Common name Ash dieback
Scientific names Hymenoscyphus fraxineus (sexual stage), Chalara fraxinea (asexual stage)
Plants affected Fraxinus spp especially F. excelsior and F. angustifolia
Main symptoms Necrotic lesions in the bark and xylem, crown dieback of trees, leaf loss
Caused by Fungus
Timing Spores active June to October
What is ash dieback?
Ash dieback is a serious disease of ash trees, caused by a fungus now called Hymenoscyphus fraxineus. The fungus was described as a new fungal species in 2006 as the cause of ash (Fraxinus excelsior) mortality in European countries during the previous ten years.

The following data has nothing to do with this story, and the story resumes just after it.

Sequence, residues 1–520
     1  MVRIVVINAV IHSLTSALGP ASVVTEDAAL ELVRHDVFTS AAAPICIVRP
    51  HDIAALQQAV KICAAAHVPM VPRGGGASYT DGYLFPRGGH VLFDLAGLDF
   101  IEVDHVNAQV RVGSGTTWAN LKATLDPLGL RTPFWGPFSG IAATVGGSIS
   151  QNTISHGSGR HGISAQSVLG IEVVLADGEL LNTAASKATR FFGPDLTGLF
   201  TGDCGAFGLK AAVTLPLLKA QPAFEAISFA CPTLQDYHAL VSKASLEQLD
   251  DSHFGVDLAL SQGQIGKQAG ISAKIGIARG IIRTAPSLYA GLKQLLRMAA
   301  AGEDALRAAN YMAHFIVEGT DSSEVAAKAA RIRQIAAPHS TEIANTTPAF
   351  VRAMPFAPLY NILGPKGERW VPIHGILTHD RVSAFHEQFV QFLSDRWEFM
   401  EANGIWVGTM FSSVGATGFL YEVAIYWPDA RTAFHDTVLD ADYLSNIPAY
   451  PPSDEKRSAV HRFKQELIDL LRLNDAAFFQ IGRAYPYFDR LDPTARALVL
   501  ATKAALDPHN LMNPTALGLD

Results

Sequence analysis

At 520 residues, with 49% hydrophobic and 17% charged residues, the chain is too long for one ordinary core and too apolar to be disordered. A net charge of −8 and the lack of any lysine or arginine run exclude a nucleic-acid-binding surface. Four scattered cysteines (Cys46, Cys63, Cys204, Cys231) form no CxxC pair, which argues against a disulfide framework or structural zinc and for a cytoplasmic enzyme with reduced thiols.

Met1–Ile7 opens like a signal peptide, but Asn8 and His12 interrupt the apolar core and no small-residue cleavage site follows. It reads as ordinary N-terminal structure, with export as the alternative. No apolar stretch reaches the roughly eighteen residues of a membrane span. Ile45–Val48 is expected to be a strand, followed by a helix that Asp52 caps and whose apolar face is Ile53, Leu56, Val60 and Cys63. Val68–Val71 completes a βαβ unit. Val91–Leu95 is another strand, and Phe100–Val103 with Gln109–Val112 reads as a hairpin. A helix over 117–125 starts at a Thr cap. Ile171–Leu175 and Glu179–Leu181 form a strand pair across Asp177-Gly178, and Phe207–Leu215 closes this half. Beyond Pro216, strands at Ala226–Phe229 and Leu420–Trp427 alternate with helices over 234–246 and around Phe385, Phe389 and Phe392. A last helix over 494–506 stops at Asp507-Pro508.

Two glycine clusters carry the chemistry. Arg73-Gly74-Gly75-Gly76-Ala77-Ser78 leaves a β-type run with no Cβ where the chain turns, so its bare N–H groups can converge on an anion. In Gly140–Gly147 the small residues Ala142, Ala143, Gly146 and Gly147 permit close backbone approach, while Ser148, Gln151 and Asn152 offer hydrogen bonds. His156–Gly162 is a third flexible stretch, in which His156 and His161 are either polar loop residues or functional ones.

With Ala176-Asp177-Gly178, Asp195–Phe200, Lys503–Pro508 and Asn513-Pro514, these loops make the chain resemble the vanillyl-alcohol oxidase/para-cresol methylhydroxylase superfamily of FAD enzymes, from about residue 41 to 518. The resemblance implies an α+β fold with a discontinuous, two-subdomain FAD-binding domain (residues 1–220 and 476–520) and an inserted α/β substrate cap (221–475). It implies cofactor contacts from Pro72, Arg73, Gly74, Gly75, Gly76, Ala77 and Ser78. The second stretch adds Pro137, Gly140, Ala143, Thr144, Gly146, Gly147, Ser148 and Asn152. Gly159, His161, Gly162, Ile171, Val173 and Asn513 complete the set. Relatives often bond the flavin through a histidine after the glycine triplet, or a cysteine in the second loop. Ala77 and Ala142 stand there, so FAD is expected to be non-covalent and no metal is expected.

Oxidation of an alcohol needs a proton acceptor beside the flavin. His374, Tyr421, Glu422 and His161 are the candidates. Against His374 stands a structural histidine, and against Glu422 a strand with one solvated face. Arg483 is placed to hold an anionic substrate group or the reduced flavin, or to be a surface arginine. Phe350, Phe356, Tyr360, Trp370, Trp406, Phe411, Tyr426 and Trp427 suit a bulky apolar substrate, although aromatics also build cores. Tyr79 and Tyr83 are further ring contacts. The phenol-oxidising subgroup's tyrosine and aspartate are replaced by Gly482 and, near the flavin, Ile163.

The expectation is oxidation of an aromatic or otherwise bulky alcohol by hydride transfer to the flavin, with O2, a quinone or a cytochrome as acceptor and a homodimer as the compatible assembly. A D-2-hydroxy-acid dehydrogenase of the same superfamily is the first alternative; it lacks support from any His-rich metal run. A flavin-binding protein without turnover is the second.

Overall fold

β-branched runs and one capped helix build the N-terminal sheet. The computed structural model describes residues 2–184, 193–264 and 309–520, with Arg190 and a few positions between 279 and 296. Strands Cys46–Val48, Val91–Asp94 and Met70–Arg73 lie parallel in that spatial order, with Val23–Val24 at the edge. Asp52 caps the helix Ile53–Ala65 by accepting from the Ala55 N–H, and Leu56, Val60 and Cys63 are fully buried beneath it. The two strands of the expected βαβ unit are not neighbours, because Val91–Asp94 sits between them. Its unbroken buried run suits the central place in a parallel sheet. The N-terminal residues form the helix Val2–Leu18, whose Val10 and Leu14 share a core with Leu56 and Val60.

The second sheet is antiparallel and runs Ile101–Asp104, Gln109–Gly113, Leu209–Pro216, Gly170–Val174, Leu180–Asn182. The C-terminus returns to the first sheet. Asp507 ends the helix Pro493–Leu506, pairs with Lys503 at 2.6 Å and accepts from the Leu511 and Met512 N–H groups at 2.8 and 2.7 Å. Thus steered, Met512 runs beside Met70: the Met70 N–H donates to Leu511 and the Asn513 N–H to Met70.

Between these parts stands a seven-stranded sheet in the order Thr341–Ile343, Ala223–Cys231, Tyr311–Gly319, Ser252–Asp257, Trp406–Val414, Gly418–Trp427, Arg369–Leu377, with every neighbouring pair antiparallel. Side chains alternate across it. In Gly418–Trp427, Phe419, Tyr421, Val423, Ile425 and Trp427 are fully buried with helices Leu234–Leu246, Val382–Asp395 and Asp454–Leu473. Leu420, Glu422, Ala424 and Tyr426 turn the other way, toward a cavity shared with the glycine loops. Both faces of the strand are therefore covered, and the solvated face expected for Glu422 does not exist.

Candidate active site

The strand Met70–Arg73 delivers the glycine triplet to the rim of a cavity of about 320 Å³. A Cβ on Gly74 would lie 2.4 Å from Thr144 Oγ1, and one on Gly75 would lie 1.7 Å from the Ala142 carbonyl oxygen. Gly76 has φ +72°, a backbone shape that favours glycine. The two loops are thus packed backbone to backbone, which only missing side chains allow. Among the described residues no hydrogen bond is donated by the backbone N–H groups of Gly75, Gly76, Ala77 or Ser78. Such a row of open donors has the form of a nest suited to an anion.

The disease affects trees of all ages. Young trees can be killed in one season and older trees tend to succumb after several seasons of infection. It has spread rapidly in continental Europe. In the UK, the disease was first confirmed in trees growing in nurseries or on recently planted ash trees. However, many cases have now been confirmed in the wider environment in the UK and the disease is widely distributed. The latest distribution maps for cases of the disease in the wider environment can be found on the Forestry Commission website.